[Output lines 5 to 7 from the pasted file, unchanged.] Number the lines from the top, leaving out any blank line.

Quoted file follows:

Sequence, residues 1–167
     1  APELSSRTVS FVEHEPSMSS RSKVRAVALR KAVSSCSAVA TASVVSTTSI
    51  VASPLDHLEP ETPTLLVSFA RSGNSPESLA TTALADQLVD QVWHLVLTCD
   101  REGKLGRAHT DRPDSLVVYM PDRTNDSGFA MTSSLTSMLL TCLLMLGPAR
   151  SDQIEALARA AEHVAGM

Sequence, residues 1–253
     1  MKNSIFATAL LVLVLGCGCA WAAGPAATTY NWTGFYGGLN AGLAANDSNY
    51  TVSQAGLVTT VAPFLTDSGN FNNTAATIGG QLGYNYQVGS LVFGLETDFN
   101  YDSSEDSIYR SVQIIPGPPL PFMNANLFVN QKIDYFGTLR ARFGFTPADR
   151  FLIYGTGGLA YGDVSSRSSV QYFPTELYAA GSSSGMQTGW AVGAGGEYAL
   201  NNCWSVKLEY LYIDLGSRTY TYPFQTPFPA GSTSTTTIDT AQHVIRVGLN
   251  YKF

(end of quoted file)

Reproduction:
   151  SDQIEALARA AEHVAGM

Sequence, residues 1–253
     1  MKNSIFATAL LVLVLGCGCA WAAGPAATTY NWTGFYGGLN AGLAANDSNY